This is a free lecture and webcast.
The Consortium conducts original research, serves students and faculty, and advances public dialogue and understanding on emerging issues at the intersection of science and society.
In testimony last week before Minnesota legislators, Michael T. Osterholm expressed concern about the public health implications of chronic wasting disease (CWD), which is currently found in deer, elk and moose in 24 states, according to the Huffington Post. CWD is a "progressive, fatal disease that affects the brain, spinal cord and other tissues of animals. . . . The symptoms, which have been compared to those of zombies, may include drastic weight loss, stumbling, lack of coordination, listlessness [and] drooling." Osterholm warns, "It is probable that human cases of CWD associated with the consumption of contaminated meat will be documented in the years ahead." Studies from the Centers for Disease Control are exploring the likelihood of that method of transmission. Prof. Osterholm is Director of the Center for Infectious Disease and Research Prevention (CIDRAP), a Consortium member. He will be acting as commentator for the Feb. 28 lecture/webcast by Michael Imperiale, "The Perils of Science to Create Pathogens: Controlling Biosafety and Biosecurity Threats." Learn more and register for the event here.
The University of Minnesota has created a new resource for faculty and staff who want to pursue research but need additional support. The Strategic Partnerships and Research Collaborative (SPARC) is made up of an interdisciplinary team with a proven track record of successful grants. They offer insights into writing proposals, putting together teams, and reviewing grant applications to maximize their likelihood of success. SPARC is led by Katey Pelican, PhD, DVM, Principle Investigator of the USAID One Health Workforce Project, and Amy Kircher (left), DrPH, Director of the Food Protection and Defense Institute (FPDI), a Consortium member. The SPARC innovation hub is designed to provide expertise and infrastructure to members of the University community and outside partners who want to pursue large and complex research projects. Learn more here.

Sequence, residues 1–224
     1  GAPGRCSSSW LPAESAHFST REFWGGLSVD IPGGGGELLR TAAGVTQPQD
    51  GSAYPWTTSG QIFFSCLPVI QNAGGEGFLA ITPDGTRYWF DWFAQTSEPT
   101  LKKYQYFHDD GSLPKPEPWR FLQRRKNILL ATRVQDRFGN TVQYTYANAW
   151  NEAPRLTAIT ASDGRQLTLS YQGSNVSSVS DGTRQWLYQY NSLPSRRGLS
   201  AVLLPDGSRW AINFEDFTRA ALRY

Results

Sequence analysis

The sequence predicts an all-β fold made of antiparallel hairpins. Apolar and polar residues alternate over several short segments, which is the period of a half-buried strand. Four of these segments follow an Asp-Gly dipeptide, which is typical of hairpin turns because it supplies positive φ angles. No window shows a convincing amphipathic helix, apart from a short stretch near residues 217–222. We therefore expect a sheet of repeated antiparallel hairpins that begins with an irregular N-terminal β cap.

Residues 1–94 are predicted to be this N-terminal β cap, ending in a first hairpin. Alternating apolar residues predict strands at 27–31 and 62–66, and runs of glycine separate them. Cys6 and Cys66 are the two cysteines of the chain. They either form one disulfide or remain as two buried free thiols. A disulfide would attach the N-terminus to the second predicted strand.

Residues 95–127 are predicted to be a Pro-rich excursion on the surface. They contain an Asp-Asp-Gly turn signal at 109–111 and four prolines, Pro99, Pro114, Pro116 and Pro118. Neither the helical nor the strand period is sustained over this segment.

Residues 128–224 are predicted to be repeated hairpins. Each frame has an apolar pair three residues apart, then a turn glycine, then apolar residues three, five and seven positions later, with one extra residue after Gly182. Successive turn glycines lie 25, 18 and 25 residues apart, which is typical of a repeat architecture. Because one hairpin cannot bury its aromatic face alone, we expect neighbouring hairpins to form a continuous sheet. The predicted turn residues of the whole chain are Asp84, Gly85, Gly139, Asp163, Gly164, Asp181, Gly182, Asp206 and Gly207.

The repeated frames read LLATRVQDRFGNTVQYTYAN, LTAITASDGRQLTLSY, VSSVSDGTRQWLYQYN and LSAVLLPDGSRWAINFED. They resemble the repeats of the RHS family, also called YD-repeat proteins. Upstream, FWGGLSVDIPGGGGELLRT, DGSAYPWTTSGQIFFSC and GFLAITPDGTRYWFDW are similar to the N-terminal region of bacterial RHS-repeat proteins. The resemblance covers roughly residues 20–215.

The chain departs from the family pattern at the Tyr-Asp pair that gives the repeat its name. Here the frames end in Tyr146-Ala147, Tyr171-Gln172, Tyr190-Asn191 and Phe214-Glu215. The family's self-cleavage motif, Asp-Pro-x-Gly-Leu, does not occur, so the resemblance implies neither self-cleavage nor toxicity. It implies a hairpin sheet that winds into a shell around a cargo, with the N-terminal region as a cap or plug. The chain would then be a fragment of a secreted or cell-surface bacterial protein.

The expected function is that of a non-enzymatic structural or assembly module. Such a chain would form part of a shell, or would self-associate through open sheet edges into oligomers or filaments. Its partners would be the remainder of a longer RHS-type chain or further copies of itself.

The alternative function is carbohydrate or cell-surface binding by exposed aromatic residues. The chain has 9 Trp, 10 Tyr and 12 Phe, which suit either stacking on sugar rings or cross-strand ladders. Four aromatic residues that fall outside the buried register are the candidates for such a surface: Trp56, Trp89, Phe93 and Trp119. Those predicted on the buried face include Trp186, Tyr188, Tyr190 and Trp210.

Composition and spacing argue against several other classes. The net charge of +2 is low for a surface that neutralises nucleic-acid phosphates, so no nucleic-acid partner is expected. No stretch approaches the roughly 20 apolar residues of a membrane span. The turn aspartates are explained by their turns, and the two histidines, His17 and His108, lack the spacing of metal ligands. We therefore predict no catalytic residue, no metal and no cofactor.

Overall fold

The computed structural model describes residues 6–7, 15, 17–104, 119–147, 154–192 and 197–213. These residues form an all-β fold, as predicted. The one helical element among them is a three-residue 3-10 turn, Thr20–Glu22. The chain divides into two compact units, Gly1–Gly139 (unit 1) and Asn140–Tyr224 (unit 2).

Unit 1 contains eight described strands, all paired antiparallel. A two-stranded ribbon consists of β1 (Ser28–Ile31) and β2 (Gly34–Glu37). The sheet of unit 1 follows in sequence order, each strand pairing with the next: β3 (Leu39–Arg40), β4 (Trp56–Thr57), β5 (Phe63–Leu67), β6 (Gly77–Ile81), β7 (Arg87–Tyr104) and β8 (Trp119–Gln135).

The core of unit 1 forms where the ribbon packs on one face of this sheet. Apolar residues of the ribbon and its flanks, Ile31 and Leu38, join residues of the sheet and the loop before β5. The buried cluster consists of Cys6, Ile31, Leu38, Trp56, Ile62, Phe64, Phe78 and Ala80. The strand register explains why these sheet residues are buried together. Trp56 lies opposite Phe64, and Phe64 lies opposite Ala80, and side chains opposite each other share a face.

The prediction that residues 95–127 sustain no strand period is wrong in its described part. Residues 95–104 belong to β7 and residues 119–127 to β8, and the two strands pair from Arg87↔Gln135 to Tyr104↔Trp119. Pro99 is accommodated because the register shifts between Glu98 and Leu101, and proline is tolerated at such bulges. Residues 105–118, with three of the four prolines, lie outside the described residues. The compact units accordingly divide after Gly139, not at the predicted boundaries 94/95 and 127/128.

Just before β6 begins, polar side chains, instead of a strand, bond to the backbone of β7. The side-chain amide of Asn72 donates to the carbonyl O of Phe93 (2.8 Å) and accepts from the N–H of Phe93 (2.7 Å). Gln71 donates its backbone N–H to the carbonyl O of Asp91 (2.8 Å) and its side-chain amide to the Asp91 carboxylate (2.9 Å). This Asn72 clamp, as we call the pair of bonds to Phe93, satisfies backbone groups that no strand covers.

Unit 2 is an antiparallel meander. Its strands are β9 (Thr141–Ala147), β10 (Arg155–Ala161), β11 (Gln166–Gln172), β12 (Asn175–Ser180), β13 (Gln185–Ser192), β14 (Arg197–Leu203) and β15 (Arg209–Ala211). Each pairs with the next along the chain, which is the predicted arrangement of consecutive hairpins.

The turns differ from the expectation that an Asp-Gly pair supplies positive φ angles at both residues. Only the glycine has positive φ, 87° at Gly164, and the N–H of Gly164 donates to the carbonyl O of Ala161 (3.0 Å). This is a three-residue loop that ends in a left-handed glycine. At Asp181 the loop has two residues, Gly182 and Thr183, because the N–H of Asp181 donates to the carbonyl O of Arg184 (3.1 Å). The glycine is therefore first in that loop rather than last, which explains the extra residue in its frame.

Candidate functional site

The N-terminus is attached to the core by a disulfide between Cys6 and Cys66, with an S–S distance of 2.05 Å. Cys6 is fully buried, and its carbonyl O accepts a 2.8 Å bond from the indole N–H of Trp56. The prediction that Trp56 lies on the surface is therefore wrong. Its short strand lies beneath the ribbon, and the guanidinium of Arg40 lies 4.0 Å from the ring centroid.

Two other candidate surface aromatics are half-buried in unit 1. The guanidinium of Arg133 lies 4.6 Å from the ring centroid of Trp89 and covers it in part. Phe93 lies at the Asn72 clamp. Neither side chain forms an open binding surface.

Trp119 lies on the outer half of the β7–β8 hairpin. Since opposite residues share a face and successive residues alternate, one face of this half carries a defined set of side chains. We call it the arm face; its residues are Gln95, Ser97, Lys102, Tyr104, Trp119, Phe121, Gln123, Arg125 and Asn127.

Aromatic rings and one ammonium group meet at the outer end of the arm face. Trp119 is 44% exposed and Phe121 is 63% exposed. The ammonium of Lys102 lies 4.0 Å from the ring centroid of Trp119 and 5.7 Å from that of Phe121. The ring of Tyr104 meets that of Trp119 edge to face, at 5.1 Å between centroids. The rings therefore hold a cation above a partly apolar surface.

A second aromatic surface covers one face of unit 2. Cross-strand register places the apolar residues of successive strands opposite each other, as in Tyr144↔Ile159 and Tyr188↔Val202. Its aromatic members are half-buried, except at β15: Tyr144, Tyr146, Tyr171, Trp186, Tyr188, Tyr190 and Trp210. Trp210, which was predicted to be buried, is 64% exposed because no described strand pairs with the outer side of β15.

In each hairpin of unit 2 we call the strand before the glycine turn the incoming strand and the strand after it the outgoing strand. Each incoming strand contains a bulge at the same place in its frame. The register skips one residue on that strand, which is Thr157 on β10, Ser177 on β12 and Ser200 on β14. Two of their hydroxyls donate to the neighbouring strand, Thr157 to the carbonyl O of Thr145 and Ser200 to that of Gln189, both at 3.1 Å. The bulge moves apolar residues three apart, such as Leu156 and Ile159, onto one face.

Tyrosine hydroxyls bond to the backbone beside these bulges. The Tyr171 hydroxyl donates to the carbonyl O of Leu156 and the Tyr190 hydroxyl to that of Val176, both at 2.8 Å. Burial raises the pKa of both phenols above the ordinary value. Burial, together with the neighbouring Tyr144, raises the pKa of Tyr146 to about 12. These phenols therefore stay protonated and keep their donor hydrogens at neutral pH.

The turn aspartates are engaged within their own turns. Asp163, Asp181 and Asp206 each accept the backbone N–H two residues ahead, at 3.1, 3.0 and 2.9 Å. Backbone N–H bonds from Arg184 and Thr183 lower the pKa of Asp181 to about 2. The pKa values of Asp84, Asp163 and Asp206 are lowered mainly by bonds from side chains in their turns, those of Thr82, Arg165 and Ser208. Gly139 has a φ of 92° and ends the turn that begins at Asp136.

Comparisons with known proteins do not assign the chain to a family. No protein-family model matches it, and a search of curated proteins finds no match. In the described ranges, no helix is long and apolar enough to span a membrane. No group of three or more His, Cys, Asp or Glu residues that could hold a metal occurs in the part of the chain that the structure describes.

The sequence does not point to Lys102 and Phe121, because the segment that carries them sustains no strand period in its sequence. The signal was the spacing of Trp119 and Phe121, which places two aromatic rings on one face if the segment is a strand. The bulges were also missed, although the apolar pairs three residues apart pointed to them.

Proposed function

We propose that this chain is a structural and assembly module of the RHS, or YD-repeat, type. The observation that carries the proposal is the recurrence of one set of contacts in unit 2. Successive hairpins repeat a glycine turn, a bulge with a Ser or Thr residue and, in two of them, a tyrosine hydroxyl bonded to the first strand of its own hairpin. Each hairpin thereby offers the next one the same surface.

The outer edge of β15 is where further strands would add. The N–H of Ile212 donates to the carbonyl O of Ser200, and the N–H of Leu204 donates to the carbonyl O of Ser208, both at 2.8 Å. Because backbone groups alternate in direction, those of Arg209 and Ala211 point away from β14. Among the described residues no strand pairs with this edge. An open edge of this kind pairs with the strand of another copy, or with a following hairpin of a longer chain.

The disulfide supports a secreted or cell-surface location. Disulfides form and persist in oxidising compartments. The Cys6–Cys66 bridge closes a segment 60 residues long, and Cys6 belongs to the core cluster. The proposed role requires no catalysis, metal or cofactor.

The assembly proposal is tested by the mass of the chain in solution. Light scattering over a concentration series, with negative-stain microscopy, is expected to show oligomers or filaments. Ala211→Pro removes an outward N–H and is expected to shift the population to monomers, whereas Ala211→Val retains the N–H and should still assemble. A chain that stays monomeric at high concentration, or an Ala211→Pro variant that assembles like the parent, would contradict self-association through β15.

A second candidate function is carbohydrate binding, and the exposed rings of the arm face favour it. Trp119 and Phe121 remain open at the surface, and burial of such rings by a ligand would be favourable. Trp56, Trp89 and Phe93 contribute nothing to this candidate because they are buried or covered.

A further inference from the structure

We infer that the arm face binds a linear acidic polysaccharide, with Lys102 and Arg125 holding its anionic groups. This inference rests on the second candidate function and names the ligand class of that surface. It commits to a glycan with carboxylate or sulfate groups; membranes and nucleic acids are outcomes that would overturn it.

The Petrie-Flom Center for Health Law Policy, Biotechnology, and Bioethics at Harvard Law School will be holding a conference on “Consuming Genetics: The Ethical and Legal Considerations of Consumer Genetic Technologies.” The event is May 17, and will feature two speakers who are part of the LawSeqSM working group, Barbara J. Evans, JD, PhD, LLM (University of Houston Law Center) and Gary Marchant, JD, PhD, MPP (Sandra Day O'Connor College of Law, Arizona State University). Both Evans and Marchant will be participating in the April 25 LawSeqSM conference/webcast being presented at the University of Minnesota, as will Henry T. Greely, JD (Stanford University), who helped plan the Petrie-Flom conference. The LawSeqSM conference is part of an NIH-funded project to analyze current US federal and state law and regulation on translational genomics and to generate consensus guidance on what the law should be. Learn more about the LawSeqSM conference here.
On March 4, 2019, the University of Minnesota will kick off its second annual Research Ethics Week. This is an opportunity for the entire campus to focus on professional development and best practices to promote, maintain, and model high standards of ethics and integrity in research. Several events are planned, including the annual Research Ethics Conference; this year's topic is Major Changes in Research Rules & Oversight: Making Progress or Creating New Problems? The conference is free, open to the public, and will be webcast. Learn more and register here.